Unlike the kids in my elementary school who never shut up about the time they met Mickey Mouse at the Happiest Place on Earth, I was not raised on Disney. My parents believed that most entertainment geared toward children was stupid and infantilizing and that I was “better than that,” which is how I ended up with an inflated sense of my own intelligence and a highly controversial Rocky Horror Picture Show-inspired birthday party in fifth grade.
Yet for all her conviction that watching Snow White too many times would eventually result in me becoming a stunted, starry-eyed woman-child forever in search of a prince to save the day, my mom was somehow a fierce proponent of Hello Kitty. It didn’t make sense then, and it certainly doesn’t make sense now, because while I may not be a hopeless romantic losing my shit over a limited-edition plastic tumbler at a theme park for kids, I am an adult using skin care with Hello Kitty’s face on it.
I can’t help it: I’ve really got a soft spot for the damn cat, particularly when her mouthless mug is imprinted on a fittingly millennial-pink gel mask from Peter Thomas Roth. The Hello Kitty Rose Repair Gel Mask is almost identical to the cult-classic Rose Stem Cell Bio-Repair Gel Mask, but I can tell you with utmost confidence that the Hello Kitty Rose Repair Gel Mask blows its predecessor out of the water. But how could they possibly improve upon the soothing, cooling, gloriously fragrant formula of the original? you might wonder. By putting fucking Hello Kitty on it, that’s how.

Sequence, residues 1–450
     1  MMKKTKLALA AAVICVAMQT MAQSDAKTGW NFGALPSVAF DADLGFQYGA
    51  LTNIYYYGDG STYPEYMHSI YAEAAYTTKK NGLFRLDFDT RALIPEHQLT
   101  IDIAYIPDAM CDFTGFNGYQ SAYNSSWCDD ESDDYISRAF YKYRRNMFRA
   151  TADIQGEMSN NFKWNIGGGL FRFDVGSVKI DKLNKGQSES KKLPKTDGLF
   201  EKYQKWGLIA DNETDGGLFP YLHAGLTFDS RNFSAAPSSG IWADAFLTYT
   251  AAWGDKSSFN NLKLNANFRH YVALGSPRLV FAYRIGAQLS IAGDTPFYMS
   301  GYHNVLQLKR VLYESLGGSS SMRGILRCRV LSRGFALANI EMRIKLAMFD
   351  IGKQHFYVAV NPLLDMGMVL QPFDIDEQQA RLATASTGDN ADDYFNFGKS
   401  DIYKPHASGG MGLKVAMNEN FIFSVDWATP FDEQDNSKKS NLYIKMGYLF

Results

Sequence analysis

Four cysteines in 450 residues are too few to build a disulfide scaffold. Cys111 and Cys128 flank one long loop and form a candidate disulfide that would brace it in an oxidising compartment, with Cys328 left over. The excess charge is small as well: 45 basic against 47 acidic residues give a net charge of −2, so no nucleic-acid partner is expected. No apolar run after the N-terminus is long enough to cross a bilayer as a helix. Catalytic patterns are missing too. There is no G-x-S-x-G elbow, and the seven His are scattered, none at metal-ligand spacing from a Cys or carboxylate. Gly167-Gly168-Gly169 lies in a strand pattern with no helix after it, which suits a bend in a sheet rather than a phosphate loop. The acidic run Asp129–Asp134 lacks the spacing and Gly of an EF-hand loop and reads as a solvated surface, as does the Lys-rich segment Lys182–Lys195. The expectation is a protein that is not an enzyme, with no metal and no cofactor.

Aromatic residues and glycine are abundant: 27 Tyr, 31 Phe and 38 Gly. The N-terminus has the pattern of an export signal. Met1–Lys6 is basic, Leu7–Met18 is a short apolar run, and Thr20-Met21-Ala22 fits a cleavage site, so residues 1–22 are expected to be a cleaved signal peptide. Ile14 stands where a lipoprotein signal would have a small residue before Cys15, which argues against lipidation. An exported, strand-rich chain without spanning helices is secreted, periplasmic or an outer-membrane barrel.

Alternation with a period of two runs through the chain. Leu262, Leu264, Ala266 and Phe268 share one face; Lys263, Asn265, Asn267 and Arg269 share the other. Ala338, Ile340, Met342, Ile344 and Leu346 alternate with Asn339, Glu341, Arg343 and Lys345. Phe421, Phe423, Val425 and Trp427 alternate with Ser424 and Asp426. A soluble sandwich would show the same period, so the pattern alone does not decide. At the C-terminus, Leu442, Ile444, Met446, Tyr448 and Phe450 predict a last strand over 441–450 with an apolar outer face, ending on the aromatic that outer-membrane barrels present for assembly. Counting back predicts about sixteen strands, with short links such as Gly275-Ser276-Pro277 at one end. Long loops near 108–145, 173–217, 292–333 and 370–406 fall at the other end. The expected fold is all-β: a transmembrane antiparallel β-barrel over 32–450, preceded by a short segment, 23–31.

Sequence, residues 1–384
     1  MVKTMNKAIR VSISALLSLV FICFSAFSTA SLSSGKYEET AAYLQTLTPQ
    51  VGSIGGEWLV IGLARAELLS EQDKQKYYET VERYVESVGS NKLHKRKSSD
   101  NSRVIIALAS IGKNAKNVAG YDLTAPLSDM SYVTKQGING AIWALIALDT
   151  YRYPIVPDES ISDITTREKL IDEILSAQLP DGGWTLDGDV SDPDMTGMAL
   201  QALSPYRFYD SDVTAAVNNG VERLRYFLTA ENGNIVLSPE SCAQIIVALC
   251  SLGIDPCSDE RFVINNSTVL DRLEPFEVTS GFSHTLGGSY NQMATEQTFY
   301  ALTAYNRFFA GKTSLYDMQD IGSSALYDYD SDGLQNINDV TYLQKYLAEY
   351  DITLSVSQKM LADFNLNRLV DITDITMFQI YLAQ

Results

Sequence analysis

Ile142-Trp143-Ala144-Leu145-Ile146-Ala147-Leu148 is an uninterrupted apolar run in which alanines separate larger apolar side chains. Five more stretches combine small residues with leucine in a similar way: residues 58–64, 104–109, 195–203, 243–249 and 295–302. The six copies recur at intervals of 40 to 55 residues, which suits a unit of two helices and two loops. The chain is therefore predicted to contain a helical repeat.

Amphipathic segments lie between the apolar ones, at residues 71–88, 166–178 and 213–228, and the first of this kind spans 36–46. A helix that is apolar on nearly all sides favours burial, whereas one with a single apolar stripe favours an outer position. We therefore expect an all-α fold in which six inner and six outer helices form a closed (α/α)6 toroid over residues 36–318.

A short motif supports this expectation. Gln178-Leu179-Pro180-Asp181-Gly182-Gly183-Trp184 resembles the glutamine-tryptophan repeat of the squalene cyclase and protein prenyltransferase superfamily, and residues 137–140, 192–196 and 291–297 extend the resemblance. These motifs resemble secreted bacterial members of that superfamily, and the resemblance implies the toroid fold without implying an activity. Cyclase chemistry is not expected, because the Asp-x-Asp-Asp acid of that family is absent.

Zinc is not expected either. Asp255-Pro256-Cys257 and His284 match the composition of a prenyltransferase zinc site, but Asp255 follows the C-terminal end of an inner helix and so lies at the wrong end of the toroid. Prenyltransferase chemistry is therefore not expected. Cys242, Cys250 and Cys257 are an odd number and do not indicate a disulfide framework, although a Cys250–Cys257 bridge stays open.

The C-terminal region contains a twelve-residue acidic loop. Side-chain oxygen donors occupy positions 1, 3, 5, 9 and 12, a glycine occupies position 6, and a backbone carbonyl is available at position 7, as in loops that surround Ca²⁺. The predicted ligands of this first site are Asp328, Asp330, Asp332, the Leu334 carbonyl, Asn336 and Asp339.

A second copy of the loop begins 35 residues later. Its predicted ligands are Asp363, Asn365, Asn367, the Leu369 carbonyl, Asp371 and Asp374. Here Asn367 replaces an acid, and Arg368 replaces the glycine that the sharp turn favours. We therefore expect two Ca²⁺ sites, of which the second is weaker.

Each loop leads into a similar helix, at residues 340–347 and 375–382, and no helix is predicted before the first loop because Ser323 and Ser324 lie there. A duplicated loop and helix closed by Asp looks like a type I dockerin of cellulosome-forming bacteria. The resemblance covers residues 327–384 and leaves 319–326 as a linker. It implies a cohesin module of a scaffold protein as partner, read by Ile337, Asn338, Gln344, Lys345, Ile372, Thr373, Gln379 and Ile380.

Because the three-piece Hello Kitty collection, which also includes the Rose Repair Balancing Essence Water and Rose Repair Cleansing Gel, was originally planned as an exclusive for the brand’s Chinese distributors, the products are only available stateside in extremely limited quantities. Much like your childhood, they’re going to be gone in a blink of an eye — so if you feel you’d be doing your inner ten-year-old an injustice by missing out on the opportunity, place your order now. Just don't let them in on the recent revelation that Hello Kitty is, in fact, a real girl.